If the visa petitioner has died after approval of the visa petition but U.S. Citizenship and Immigration Services (USCIS) decides to let the petition continue, a substitute sponsor must file a Form I-864 in place of the deceased visa petitioner.
Some other eligibility requirements apply to the substitute sponsor as well. He or she must be a U.S. citizen or a lawful permanent resident of at least 18 years of age who has a domicile in the U.S. And the sponsor must be a relative of yours. In order to be a substitute sponsor, you must be related to the intending immigrant in one of the following ways: Spouse; Parent; Mother-in-law; Father-in-law; Sibling; Child (if at least 18 years of age); Son; Daughter; Son-in-law; Daughter-in-law; Sister-in-law; Brother-in-law; Grandparent; Grandchild; Legal guardian of the beneficiary.
Serving as a substitute sponsor is a primarily financial relationship, and it involves filling out an Affidavit of Support on USCIS Form I-864. The Affidavit must indicate that the new sponsor is able to support the immigrants and his/her own household, at a level that is at or above 125% of the federal Poverty Guidelines. In fact, by filing Form I-864, the substitute sponsor promises the U.S. government to pay back any need-based public assistance that the named immigrants receive for approximately the first ten years of their having a green card.
Q: I was in the K-2 status before, and will reach 21 birthday soon. Can I get Green Card without leaving the United States using CSPA protection?
A: A K-2 child does not generally have a Form I-130 petition for alien relative filed by the U.S. citizen, which is required in order for Child Status Protection Act (CSPA) provisions to be applicable. Therefore, a K-2 child cannot utilize the CSPA when seeking to adjust status. Thus, a K-2 child may only seek Form I-485 adjustment before reaching the 21st birthday, and must adjust prior to his/her 21st birthday.
U.S. Citizenship and Immigration Services (USCIS) may accept a Form I-130 application filed by the U.S. citizen based on a parent-child relationship between the U.S. citizen and the K-2 child. For example, when the U.S. citizen has married the K-1 alien, and the K-2 child was not yet 18 years old at that time. In this situation, the K-2 child is considered the step-child of the U.S. citizen under the law. This will allow an alien child who once was in a K-2 status to adjust on the basis of being an immediate relative of a U.S. citizen, and allow the K-2 child to utilize the Child Status Protection Act (CSPA) when seeking adjustment of status - not age out while the Form I-485 application is pending. Exercising this CSPA option will require:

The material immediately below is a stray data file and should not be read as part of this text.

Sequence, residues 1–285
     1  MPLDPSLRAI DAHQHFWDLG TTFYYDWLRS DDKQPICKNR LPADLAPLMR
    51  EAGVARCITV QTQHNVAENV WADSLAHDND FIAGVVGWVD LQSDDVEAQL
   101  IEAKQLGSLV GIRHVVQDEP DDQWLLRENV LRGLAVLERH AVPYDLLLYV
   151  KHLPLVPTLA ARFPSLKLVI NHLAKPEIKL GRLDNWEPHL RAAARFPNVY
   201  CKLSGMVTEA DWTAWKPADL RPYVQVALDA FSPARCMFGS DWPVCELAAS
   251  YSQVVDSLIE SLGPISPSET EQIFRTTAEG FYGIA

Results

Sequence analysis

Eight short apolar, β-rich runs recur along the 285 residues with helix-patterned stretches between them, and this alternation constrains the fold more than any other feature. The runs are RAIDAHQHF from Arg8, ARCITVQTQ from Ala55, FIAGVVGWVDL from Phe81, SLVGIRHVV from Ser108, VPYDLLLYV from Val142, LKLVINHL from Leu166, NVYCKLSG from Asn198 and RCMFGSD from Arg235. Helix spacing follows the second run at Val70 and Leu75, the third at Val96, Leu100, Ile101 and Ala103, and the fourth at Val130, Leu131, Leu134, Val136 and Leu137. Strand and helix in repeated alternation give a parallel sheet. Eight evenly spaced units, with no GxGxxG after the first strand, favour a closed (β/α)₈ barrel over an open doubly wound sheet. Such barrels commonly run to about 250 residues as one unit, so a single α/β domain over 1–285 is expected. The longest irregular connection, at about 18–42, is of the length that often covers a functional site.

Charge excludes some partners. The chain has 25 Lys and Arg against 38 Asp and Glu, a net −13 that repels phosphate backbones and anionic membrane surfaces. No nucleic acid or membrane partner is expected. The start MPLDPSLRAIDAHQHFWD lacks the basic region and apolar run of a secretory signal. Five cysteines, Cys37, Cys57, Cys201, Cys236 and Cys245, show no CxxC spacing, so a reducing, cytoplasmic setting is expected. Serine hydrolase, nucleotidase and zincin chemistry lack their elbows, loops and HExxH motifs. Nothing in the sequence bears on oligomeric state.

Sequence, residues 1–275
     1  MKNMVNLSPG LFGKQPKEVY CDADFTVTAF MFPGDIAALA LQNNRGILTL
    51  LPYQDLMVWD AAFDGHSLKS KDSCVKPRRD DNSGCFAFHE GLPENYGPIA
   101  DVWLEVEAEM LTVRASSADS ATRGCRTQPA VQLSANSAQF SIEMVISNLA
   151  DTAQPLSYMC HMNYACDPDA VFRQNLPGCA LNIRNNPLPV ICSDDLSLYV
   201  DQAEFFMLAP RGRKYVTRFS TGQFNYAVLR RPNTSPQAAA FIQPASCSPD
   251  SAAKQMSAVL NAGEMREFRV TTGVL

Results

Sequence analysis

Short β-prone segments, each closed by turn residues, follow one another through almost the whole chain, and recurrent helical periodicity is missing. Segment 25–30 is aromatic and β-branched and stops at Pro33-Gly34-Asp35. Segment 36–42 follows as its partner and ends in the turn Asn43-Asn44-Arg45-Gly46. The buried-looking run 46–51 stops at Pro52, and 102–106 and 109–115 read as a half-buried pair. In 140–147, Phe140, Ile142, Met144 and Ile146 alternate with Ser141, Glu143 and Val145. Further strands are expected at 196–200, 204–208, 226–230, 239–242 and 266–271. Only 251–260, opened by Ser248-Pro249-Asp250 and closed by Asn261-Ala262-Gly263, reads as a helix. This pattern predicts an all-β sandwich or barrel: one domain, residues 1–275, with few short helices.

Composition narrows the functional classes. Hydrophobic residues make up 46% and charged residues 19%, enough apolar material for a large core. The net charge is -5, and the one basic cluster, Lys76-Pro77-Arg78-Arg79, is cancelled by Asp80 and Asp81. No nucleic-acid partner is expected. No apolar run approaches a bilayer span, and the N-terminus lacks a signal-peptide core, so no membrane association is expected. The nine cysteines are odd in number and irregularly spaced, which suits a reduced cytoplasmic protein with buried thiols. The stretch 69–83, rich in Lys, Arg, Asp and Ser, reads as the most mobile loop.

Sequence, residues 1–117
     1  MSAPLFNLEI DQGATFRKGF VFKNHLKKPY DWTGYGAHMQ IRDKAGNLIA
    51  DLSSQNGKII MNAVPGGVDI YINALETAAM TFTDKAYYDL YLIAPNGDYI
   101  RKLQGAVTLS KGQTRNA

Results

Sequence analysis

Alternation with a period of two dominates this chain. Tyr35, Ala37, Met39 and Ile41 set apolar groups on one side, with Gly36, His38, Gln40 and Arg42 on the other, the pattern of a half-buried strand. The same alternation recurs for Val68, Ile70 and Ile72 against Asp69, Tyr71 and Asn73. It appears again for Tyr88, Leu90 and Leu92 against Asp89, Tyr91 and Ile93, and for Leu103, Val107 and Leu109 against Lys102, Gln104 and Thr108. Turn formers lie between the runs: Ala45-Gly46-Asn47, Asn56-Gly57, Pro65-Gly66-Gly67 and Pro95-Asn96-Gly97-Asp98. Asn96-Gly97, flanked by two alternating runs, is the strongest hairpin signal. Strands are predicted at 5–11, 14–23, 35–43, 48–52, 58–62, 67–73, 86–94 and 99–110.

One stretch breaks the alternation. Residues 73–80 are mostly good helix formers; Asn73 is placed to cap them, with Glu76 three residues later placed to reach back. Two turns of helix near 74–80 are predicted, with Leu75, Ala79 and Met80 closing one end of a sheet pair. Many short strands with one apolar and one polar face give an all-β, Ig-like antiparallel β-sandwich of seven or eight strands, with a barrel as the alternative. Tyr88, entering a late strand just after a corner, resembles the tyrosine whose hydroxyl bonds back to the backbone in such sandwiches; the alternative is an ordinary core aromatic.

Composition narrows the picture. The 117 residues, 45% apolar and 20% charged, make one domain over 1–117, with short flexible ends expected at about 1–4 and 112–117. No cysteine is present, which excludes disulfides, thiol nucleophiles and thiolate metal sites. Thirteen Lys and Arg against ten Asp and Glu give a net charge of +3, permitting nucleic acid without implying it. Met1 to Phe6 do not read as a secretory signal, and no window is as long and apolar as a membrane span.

* An existing parent-child relationship between the U.S. citizen petitioner and the K-2 child;
* Filing of Form I-130 prior to the K-2 child's 21st birthday;
* Submitting all required documentation and paying the required fees associated with Forms I-130 and I-485.
Q: When I arrived U.S. las month, I did not complete the paper Customs and Border Protection Form I-94. Do I really need the form as an admission process record?
A: Foreign visitors to the U.S. arriving via air or sea no longer need to complete paper Customs and Border Protection Form I-94 Arrival/Departure Record or Form I-94W Nonimmigrant Visa Waiver Arrival/Departure Record. Those who need to prove their legal visitor status to employers, schools/universities or government agencies can access their CBP (U.S. Customs and Border Protection) arrival/departure record information online at https://i94.cbp.dhs.gov.
CBP now gathers travelers’ arrival/departure information automatically from their electronic travel records. Because advance information is only transmitted for air and sea travelers, CBP will still issue a paper form I-94 at land border ports of entry.
If travelers need the information from their Form I-94 admission record to verify immigration status or employment authorization, the record number and other admission information they are encouraged to get their I-94 Number.
Upon arrival, a CBP officer stamps the travel document of each arriving non-immigrant traveler with the admission date, the class of admission, and the date that the traveler is admitted until. If a traveler would like a paper Form I-94, one can be requested during the inspection process. All requests will be accommodated in a secondary setting.
Upon exiting the U.S., travelers previously issued a paper Form I-94 should surrender it to the commercial carrier or to CBP upon departure. Otherwise, CBP will record the departure electronically via manifest information provided by the carrier or by CBP.
An I-94 form is needed by all persons except U.S. Citizens, returning resident aliens, aliens with immigrant visas, and most Canadian citizens visiting or in transit. Air and Sea travelers will be issued I-94s during the admission process at the port of entry. A traveler lawfully admitted (or paroled) into the U.S. may print their lawful record of admission (I-94 form) from this CBP website. If someone requests your admission information, this is the form you would provide.
More Articles for K-1 Visa Application of U.S. Citizen's Fiancée • K-1 Visa for Fiancée of a United States Citizen • Requirements of Applying for a K-1 Visa • Limitations and Termination of K-2 visa • K-1 Visa Application and International Marriage Broker Regulation Act • Our Help Desk's Answers for Questions of K-1 Visa Application • Do-It-Yourself Package of K-1 Application for U.S. Citizen's Fiancee • K-1 Visa Application for U.S. Citizen's Fiancée or Fiancé • Home Page